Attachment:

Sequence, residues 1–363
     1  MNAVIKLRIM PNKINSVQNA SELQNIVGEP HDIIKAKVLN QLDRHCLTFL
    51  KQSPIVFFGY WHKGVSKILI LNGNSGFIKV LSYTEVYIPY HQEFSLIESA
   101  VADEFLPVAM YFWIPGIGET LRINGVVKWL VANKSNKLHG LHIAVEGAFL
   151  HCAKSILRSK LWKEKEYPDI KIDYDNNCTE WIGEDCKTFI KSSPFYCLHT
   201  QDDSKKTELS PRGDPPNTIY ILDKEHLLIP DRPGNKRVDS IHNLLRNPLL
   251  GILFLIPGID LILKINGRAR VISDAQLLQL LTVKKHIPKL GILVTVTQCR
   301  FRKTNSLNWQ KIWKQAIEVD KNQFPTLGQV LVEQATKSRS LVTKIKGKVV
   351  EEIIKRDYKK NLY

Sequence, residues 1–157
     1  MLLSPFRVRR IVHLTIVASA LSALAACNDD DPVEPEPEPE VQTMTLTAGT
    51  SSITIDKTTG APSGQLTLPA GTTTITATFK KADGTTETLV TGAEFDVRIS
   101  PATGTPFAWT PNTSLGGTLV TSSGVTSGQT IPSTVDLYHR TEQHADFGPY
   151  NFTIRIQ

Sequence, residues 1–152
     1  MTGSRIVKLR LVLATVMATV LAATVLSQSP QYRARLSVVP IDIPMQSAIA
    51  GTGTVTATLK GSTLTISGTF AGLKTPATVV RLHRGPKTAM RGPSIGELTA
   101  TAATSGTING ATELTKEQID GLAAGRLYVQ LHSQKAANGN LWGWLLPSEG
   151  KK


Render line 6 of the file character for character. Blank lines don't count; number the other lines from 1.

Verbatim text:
   201  QDDSKKTELS PRGDPPNTIY ILDKEHLLIP DRPGNKRVDS IHNLLRNPLL